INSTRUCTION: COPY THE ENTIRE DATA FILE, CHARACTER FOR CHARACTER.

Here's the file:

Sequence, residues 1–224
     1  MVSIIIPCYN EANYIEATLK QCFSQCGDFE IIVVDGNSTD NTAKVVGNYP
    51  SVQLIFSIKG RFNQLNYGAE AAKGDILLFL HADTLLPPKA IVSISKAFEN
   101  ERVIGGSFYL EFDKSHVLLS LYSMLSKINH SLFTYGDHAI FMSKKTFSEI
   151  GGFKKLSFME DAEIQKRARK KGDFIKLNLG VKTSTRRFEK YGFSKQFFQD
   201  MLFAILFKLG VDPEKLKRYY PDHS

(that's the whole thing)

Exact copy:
Sequence, residues 1–224
     1  MVSIIIPCYN EANYIEATLK QCFSQCGDFE IIVVDGNSTD NTAKVVGNYP
    51  SVQLIFSIKG RFNQLNYGAE AAKGDILLFL HADTLLPPKA IVSISKAFEN
   101  ERVIGGSFYL EFDKSHVLLS LYSMLSKINH SLFTYGDHAI FMSKKTFSEI
   151  GGFKKLSFME DAEIQKRARK KGDFIKLNLG VKTSTRRFEK YGFSKQFFQD
   201  MLFAILFKLG VDPEKLKRYY PDHS